Cloaked in tradition

The gown has faded and the corners of the mortarboard are frayed and bent. After 56 years, it’s fair to expect some wear and tear. But Marlena Litchfield likes the imperfections. To her, each loose thread tells a story and represents her family’s long association with UQ.

Litchfield (Bachelor of Arts ’16) became the fifth member of her family to wear the same academic cap and gown at UQ when she graduated in December last year.

She said wearing the family heirloom meant her graduation day had extra meaning.

“Looking at the photos, everyone looks so much younger and they’re all standing in front of the sandstone. It’s pretty special,” Litchfield said.

Litchfield’s great aunt, June MacDonald, was the first to wear the ensemble during her matriculation ceremony at UQ in March 1960, after completing her studies at St Mary’s College, Ipswich.

Marlena Litchfield with her great aunt June MacDonald.

Marlena Litchfield with her great aunt June MacDonald.

“I was heading off to Teachers’ College but I also wanted to start a degree,” MacDonald (Bachelor of Arts ’73, Master of Literary Studies ’93) told Contact.

“So my mother took me to Brisbane to buy the cap and gown from Pikes menswear store in Queen Street.

“When I graduated, the same gown was altered to become a graduation gown with a white hood, and it’s been worn in various ceremonies since.”

MacDonald’s brother-in-law and Litchfield’s grandfather, Maurice Keenan (Bachelor of Arts ’76) and his two sons, Mel Keenan (Bachelor of Arts (Honours) ’93) and Dr Thomas Keenan (Bachelor of Business Communication (Honours) ’02), each wore the cap and gown at their respective graduation ceremonies.

Recalling her days at UQ, MacDonald said she completed her undergraduate degree as a part-time student and mainly attended classes during the evening after spending the day at Kelvin Grove Teachers’ College.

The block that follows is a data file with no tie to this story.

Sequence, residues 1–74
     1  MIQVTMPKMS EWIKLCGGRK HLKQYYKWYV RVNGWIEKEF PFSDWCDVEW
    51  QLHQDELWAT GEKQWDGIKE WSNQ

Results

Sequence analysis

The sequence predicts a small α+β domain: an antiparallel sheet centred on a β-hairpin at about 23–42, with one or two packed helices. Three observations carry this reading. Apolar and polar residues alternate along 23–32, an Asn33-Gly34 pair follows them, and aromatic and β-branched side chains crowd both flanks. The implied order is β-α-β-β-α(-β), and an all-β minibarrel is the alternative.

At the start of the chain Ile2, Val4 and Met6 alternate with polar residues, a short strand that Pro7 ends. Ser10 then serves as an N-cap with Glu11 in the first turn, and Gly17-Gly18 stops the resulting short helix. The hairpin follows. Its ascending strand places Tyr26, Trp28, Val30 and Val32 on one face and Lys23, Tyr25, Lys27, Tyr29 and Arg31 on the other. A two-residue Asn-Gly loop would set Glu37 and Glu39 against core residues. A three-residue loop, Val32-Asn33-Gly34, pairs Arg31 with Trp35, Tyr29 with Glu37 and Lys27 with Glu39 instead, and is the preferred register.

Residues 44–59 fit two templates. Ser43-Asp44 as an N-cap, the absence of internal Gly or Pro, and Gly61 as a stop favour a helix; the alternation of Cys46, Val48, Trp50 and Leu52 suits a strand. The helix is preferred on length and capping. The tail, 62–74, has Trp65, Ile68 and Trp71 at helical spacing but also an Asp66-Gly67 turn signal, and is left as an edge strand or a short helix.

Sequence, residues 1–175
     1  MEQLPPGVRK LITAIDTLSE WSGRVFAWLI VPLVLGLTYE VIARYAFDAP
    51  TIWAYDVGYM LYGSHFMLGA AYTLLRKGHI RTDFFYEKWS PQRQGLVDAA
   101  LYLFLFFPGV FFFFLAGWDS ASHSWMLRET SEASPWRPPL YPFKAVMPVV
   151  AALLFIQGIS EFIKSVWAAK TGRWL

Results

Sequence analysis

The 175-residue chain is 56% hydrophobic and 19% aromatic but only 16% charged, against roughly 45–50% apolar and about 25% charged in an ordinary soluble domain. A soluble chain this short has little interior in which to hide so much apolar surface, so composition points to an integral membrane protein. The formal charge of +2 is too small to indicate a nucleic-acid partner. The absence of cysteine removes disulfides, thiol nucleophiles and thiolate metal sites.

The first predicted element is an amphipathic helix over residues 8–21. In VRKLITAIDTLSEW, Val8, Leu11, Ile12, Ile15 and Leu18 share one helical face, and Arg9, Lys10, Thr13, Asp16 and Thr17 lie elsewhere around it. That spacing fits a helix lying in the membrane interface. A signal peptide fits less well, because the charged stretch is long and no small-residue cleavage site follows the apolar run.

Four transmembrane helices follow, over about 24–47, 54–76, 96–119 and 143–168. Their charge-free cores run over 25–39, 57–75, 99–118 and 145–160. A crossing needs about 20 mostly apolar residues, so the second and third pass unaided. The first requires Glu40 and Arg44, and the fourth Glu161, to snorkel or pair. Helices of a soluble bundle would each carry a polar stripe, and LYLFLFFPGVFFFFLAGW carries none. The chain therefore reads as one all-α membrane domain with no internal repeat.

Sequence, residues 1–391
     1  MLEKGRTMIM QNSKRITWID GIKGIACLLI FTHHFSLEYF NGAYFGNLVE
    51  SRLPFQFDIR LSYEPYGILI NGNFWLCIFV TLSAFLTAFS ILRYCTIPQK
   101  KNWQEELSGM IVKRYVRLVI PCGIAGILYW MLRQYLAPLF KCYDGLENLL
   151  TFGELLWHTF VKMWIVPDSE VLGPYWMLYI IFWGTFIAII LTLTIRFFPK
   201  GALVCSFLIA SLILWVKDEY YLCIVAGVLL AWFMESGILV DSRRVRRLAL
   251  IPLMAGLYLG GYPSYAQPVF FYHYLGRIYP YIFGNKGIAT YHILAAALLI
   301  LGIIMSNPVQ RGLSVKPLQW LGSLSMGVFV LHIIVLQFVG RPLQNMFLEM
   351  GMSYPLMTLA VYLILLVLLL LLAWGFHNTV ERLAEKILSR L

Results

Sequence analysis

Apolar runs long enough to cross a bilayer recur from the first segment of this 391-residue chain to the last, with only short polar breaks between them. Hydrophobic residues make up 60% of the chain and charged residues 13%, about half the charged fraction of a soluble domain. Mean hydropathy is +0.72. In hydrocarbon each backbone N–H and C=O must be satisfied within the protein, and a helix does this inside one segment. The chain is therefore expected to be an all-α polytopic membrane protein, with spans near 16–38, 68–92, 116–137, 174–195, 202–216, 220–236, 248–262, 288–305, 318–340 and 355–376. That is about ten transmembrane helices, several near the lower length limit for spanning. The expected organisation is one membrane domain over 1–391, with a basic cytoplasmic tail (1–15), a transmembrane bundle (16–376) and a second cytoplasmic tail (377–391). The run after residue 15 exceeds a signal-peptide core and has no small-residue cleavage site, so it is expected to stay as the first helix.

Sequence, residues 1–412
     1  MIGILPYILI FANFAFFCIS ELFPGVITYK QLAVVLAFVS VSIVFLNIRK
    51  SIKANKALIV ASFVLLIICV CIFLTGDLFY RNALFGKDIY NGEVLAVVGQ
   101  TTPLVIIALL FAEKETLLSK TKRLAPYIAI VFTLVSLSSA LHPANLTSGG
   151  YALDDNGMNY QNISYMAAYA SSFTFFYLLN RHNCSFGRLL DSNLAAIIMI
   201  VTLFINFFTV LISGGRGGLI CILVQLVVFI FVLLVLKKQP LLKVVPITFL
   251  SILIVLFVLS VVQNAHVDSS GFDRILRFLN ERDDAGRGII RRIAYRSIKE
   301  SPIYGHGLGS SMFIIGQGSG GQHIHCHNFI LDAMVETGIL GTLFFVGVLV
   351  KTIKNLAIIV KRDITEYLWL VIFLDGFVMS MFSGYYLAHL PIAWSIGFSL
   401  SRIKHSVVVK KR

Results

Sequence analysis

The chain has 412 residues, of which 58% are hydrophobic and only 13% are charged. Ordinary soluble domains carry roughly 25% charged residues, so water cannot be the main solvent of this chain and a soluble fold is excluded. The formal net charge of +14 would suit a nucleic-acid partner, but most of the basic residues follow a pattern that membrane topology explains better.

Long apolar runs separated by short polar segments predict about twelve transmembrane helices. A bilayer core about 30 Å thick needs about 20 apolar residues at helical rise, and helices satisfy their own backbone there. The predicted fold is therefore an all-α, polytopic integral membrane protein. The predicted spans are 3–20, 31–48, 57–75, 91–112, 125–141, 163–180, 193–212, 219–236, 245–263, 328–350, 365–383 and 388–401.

“I travelled to Brisbane from Ipswich on the train,” MacDonald said.

“After a day at Teachers’ College, I would meet for coffee with a friend who was studying pharmacy at UQ.

“The Merlo family were building their coffee business in Brisbane and had opened Cafe Milano in Queen Street.

“We would roll in there with a few bob to spend. Then we would catch a bus to UQ, where we would have about three hours of class at night.

MacDonald said she benefited from “brilliant” lecturers and remembers attending an English 1 lecture from poet, environmentalist and Indigenous land rights campaigner Judith Wright.

“The lecture hall was full, and you could hear a pin drop because the students were so engaged with what they were learning."

MacDonald enjoyed a long career as a primary school teacher before retiring in 2004.

Litchfield said UQ had been a big part of her life – even as a child.

“We moved to Brisbane from Sydney when I was about five years old, and since then the University has been a staple in our family.

“Aunty June lives so close – just over the Eleanor Schonell Bridge. She would occasionally pick me up from school and we would come to the St Lucia campus for a coffee or to look at the gallery.

“Even when I was at primary school, I lived five minutes from UQ and I would see all the students walking past.

"Now I’ve been able to make a mark at an institution I’ve known since primary school.”

After beginning a science degree, Litchfield eventually found her feet studying a Bachelor of Arts majoring in International Relations and French. She said she was planning to pursue a career in law, focusing on foreign policy.

“UQ certainly provided a holistic education. I made a lot of friends and played plenty of sport,” she said.

“I believe the internet has made studying a lot easier, compared to the days when Aunty June studied at UQ.

“The structure of studies and learning is so different. There’s much more focus on tutorials and participation, rather than the spoken lectures."

“I think university has become more about speaking to students, rather than at students, and all the resources are now easily accessible online.”